Arkansas’ National Statuary Hall Steering Committee was formed to work with the Capitol Arts and Grounds Commission, chaired by Secretary of State John Thurston, and the governor’s office on everything from fundraising to selecting sculptors. Broadway, a former state legislator and current vice president for university relations for the Arkansas State University (ASU) System, was a natural fit for the committee, as the university owns the restored Johnny Cash Boyhood Home at Historic Dyess Colony (the Electric Cooperatives of Arkansas has been a sponsor) and keeps in close contact with the Cash family.
After the committee issued a request for qualifications, Broadway says, “We had talented artists from all around the country — over 30 for each statue.”
After studying proposals and portfolios and conducting virtual interviews, the committee narrowed it down to three finalists per statute; all had created a maquette or small model of their proposal, and prepared a presentation.
“Their presentations really sold it for both of them,” Broadway says about the artists chosen. “The artist doing Daisy Bates is Benjamin Victor” of Boise, Idaho. “He’s the youngest artist to have a statue in Statuary Hall. And he is the artist who has the most statues in Statuary Hall; this will be his fourth.”
Selected for the Cash statue was Kevin Kresse of Little Rock.
“Obviously all of us had hoped there would be an Arkansan who would get one of the two, but it was not a guarantee,” Broadway says. “We weren’t going to just pick an Arkansas artist just to pick one. Kevin really nailed his presentation.”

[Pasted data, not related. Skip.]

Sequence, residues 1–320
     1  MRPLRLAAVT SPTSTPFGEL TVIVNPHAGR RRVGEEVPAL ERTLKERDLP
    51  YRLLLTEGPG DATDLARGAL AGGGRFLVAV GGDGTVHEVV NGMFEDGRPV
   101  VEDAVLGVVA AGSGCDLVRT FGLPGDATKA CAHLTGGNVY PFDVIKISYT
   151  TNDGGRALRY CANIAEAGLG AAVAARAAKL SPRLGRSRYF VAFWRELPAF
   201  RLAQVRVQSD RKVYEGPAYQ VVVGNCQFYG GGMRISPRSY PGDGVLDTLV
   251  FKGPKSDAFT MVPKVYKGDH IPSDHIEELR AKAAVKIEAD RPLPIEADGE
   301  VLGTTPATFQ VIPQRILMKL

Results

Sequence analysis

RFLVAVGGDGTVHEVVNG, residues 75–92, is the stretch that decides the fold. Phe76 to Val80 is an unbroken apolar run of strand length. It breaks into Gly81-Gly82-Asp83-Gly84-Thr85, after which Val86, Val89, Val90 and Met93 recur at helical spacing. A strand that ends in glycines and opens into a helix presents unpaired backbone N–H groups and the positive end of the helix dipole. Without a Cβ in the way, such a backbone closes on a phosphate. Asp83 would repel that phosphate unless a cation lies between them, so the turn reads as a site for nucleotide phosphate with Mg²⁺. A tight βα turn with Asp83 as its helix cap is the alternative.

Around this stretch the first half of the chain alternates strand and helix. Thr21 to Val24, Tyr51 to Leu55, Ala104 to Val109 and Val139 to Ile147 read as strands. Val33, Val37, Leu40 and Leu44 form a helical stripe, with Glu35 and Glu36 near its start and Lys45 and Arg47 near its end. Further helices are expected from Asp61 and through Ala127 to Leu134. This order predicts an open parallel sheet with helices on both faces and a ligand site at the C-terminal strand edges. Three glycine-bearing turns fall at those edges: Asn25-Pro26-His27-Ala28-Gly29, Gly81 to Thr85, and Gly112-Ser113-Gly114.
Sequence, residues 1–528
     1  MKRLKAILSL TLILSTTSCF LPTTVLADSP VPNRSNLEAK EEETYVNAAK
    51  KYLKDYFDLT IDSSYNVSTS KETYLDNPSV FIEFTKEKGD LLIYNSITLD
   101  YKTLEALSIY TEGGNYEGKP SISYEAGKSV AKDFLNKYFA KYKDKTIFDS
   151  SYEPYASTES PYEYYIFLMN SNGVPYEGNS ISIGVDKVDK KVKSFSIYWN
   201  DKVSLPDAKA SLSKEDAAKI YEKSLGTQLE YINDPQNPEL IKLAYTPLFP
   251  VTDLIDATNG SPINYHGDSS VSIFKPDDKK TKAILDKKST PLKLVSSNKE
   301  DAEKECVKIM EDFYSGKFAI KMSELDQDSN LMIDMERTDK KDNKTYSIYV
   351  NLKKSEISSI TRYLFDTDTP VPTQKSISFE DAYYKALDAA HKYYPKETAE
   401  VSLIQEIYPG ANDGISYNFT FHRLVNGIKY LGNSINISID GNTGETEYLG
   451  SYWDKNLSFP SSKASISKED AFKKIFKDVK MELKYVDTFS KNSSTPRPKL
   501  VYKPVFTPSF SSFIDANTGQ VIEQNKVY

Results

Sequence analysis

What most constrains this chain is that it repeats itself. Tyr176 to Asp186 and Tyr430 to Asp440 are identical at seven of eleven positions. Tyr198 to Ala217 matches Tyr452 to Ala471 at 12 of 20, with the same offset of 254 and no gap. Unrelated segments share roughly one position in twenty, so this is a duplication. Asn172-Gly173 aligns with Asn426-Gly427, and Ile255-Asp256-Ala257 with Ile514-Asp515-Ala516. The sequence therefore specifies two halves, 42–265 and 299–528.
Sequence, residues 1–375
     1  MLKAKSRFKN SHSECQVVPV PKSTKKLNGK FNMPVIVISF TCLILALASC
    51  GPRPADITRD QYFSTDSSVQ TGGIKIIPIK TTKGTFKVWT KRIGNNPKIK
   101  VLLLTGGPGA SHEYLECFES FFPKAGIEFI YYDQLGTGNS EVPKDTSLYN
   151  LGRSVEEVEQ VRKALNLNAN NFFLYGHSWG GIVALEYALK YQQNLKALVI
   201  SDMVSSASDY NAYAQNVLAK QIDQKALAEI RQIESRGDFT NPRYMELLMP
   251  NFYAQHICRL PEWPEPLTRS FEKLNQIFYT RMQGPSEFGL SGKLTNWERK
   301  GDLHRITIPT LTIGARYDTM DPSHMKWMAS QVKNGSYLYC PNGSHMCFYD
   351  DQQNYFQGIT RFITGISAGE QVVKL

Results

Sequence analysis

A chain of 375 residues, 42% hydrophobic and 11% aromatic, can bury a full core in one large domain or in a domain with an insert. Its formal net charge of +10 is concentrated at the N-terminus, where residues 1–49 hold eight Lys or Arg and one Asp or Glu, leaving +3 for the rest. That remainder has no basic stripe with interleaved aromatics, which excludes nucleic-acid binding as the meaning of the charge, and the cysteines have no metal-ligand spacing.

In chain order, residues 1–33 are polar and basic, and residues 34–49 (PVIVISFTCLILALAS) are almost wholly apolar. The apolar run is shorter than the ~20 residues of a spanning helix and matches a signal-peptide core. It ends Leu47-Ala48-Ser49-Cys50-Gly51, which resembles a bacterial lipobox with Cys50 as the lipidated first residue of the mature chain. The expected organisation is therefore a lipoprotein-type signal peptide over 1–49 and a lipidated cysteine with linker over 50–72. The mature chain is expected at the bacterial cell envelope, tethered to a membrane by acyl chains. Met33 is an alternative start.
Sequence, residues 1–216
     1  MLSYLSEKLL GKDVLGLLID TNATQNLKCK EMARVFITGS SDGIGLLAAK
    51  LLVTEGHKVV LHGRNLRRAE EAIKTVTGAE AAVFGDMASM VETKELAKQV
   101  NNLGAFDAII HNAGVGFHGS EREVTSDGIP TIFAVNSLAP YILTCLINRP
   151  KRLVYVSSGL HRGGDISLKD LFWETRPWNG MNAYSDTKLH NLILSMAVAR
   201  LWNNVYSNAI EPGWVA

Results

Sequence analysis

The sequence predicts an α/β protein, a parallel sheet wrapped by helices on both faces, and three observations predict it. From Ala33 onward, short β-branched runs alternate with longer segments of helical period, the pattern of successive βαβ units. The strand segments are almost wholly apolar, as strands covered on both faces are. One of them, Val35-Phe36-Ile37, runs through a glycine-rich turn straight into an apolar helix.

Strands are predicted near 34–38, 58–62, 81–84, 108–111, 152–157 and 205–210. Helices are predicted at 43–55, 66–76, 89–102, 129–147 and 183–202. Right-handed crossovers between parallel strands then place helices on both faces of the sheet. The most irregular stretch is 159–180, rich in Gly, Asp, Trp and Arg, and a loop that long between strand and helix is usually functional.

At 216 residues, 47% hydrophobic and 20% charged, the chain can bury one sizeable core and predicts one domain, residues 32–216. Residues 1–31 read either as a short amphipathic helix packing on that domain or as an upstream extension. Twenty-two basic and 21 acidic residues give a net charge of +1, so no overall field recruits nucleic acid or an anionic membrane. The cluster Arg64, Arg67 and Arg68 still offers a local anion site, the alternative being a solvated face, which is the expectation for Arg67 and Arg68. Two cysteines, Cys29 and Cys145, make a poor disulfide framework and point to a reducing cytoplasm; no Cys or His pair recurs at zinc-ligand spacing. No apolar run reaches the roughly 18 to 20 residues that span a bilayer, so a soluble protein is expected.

It started with Kresse coming in with his maquette under a sheet and discussing his vision. “When he unveiled the maquette, we all looked at each other, like, ‘There’s no doubt that’s Johnny Cash.’”
Beyond what the committee wants, Broadway says, every detail requires approval from the Architect of the U.S. Capitol, which oversees Statuary Hall, and the Joint Committee on the Library, which includes members of Congress. They would have concerns (like the tuning keys on Cash’s guitar being too low to the ground and encouraging tinkering by handsy visitors) that needed addressing. Those steps, plus the realities of the COVID-19 pandemic, slowed the project at times. Still, the processes ensure the statues’ excellence and endurance so these life-size works will last a lifetime.
Thurston says, “I’m incredibly proud and thankful of everyone, members of my staff, the members of the steering committee, the Capitol Arts and Grounds Commission and the artists themselves, for all the time, energy and dedication they have invested in this historical process.”
Kevin on Cash